Bauer Limited Production is a new company formed by Cord Bauer’s Bauer Limited Production, Ron Hemphill’s Diversified Products, Tony Woodford’s AWR Racing and Dave Green’s DG Motorsports, with the purpose of using their expertise to design and develop a custom sports car named the Catfish.
The donor vehicle that the Catfish is based on is none other than the Mazda MX-5, also known as Miata and Roadster (only 1st/NA and 2nd/NB generation models from 1989 to 2005 can be used for its construction). The Japanese carmaker's open top, two-seater model was chosen because of its perfect 50:50 weight distribution, simple and light yet effective construction and affordability.
Being on the Guinness Book of Records as the best-selling two-seat sports car ever means that there are many used and reasonably priced examples to choose from: the Miata / MX-5 that was used for the first Catfish prototype cost a mere US$800 (€610).
It’s not just a case of removing the exterior panels, bolting on a new body and making a few tweaks here and there to call it a new car. Quite the opposite: the Catfish is a brand new car that ditches most of the Miata’s original parts - or, as Bauer states, “what’s not needed”.
The experts forming Bauer Limited Productions came to the conclusion that the parts falling under this description are the hood, trunk, doors, bumpers, top and convertible frame, shocks, springs, headlights and practically the entire interior, from the panels to the HVAC controls and everything else in between. These will go on sale on Craiglist.
Surely they must have kept the chassis though, right? Well, actually, they didn’t. They ditched the original unibody structure in favor of a brand new, Ron Hemphill-designed spaceframe. Hemphill has a vast experience in designing frames, having built structures that underpinned Paris Dakar and Baja off-road rally winners.
The basic principles for designing an off-road and an on-road car frame are basically the same: you need it to be as rigid and as light as possible. Ron’s plan was to take the donor car’s front and rear suspension cradles and tie them together with two tubes at the top and another two at the bottom.
Lattice braces were used in making a rigid box as every tube had to fulfill more than one function in order to reduce weight and complexity, and the whole car had to be easy to assemble.
The Catfish frame is said to fulfill all these requirements, as it is simply dropped onto the donor car – or at least what parts are left of it. Apart from the suspension cradles, Bauer retains the transmission and drive train coupled to the rear with a Power Plant Frame (PPF) and the rear suspension and gas tank also resting on a cradle.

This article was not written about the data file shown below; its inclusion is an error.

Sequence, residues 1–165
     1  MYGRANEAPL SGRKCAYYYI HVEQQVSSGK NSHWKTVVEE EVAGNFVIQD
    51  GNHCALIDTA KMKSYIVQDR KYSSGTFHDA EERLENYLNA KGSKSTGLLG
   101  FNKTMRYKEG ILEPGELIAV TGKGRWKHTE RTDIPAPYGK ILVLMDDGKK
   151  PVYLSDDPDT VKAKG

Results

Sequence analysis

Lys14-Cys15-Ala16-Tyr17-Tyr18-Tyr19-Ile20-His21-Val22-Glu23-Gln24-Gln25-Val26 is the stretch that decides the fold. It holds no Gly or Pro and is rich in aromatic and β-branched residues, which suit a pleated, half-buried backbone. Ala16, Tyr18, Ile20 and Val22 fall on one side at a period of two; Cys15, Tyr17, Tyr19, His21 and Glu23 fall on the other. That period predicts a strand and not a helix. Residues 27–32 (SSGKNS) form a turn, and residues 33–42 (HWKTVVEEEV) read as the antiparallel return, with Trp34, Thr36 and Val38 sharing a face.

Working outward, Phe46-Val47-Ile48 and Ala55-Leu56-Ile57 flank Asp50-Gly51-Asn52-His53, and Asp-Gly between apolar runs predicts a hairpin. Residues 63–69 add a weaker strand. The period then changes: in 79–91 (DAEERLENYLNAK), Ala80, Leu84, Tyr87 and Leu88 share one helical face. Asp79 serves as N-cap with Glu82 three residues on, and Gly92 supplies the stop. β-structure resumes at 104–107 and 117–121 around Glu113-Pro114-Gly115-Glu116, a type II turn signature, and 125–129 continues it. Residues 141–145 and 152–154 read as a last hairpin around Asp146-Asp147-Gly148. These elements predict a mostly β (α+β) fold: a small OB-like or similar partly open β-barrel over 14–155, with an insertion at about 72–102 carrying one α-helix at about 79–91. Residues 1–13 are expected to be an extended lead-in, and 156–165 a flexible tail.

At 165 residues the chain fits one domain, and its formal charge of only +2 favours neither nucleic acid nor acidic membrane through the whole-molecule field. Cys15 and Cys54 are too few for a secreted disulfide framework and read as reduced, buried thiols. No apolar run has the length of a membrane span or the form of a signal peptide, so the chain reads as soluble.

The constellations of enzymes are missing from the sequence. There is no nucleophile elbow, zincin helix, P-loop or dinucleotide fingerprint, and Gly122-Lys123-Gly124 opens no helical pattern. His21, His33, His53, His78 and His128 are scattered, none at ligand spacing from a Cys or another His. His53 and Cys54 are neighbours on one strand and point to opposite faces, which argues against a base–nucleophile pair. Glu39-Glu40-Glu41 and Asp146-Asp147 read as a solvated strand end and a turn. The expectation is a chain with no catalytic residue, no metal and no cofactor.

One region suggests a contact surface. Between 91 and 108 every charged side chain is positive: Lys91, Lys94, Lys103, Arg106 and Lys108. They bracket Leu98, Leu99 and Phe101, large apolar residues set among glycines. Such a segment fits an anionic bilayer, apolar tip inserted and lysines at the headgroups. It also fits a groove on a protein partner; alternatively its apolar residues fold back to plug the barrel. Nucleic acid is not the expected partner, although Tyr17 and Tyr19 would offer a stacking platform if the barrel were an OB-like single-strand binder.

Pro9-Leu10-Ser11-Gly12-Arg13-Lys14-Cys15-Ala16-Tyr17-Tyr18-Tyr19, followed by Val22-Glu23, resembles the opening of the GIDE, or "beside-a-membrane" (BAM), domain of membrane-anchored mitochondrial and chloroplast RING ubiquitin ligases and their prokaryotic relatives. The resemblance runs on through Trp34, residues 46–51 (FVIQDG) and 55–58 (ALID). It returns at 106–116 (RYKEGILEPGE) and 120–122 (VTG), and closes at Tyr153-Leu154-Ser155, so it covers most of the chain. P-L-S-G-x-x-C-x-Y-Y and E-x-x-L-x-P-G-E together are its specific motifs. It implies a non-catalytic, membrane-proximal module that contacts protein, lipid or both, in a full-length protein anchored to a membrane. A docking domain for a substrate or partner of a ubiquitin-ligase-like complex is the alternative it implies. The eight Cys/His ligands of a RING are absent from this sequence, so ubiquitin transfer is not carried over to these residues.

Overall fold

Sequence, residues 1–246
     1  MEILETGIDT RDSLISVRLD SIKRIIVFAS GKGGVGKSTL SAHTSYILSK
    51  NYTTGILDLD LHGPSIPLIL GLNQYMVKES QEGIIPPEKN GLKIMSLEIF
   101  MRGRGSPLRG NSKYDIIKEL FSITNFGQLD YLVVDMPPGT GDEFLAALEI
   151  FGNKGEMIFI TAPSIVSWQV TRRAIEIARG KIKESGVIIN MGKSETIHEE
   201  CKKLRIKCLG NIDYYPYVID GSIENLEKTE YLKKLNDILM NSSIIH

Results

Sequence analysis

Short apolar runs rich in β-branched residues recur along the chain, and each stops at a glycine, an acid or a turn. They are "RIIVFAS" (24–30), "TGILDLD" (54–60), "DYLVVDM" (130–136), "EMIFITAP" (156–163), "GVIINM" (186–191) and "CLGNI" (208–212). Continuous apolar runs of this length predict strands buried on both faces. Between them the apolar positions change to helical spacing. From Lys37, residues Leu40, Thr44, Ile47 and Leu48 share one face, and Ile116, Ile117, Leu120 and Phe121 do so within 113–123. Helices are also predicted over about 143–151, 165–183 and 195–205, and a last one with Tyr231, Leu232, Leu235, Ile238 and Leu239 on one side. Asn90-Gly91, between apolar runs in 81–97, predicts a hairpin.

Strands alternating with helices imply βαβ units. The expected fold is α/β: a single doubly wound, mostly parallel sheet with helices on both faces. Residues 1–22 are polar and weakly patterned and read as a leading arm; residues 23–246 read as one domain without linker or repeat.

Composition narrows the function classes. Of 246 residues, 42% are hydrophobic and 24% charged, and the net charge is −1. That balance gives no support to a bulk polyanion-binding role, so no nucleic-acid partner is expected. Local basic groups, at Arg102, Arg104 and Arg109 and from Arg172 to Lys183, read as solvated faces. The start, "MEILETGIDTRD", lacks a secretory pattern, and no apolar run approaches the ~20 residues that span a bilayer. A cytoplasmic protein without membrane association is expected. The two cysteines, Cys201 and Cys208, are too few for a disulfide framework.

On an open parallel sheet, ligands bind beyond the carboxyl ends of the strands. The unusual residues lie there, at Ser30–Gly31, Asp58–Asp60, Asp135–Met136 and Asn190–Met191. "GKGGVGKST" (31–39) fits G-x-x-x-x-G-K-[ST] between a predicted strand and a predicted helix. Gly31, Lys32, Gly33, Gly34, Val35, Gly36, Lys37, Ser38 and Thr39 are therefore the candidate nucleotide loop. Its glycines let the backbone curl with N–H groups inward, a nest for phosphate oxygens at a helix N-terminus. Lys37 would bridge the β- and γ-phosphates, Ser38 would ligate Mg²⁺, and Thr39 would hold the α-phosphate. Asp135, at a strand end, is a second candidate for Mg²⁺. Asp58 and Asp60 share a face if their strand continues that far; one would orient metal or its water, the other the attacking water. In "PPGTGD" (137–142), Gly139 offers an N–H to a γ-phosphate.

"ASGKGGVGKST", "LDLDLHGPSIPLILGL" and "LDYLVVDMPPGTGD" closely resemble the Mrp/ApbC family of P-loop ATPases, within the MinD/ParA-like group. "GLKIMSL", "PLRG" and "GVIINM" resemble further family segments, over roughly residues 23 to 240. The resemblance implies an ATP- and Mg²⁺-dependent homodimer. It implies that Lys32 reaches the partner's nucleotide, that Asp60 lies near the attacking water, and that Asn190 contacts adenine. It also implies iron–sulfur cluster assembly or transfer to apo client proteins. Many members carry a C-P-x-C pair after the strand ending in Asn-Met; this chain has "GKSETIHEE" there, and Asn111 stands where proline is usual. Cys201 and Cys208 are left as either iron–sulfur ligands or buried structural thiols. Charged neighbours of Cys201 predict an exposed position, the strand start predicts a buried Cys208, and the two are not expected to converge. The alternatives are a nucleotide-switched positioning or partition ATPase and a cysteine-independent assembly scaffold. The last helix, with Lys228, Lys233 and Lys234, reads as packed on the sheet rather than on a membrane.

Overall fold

Bauer wanted to retain the MX-5’s “giant-killer” handling and enhance it in every way he could.
Doing away with doors is one of the car’s attributes. You enter by simply removing the steering wheel and hopping in, just like you would in a true racing car. A small door was at some point considered, but ultimately rejected in favor of maximum chassis stiffness.
Given that the Catfish tips the scales at just 680 kg (1,500 pounds), an astounding 317 kg (700 pounds) less than the already lightweight MX-5, some modifications had to be made.
While the layout is overall similar to the donor car, the seat mounts and pedal assembly have been moved back by 1.5 inches (3.8 cm) and slightly inwards to improve driver feel and interior space.
Most importantly, though, this was done to put some extra weight over the rear wheels and provide the lightweight Catfish with extra traction. Even the battery was relocated behind the passenger seat and the exhaust was rerouted to the side, minimizing interior heat and maximizing interior space.
Another important aspect is aerodynamics. The bottom of the car, including the drivetrain, is enclosed in aluminum sheet. A diffuser removes air from under the car creating a ground effect that pins the rear to the ground and a splitter and downforce-generating “whiskers” create negative pressure at the front.
Even with Mazda’s stock 1.6- or 1.8-liter engines, the Catfish is claimed to be very quick thanks to its power-to-weight ratio. If that’s not enough, Bauer has adjusted the firewall cross tube to ensure that even a…GM LS2 V8 engine would fit under the hood and provide a much better sound and a unique driving experience.
You may have noticed that we’ve left the bodywork design for last. The original sketch that gave its looks to the Catfish was penned by Greg Tada, graduate of the Art Center College of Design in Pasadena, and current designer at American Suzuki.
Tada is said to have used a picture of an actual catfish as inspiration, something the company says is evident in the “face” and the fins.
"The Catfish carries on the tradition of the original Miata," says Bauer. "It combines light weight with the design cues of a classic British roadster. You might be able to see Aston Martin or Jaguar at the front, or Triumph and AC in back end of the car, but it’s all Catfish."
The Catfish will be officially unveiled at the 2012 edition of the SEMA Show at the end of October, as will its pricing. Bauer also told CarScoop that a full racing version will follow in 2013.
Until then, you can view a video of the car’s shakedown at a track set up at the El Toro former US Air Force base right after the break.
By Andrew Tsaousis
Thanks to Cord Bauer for the info and photos!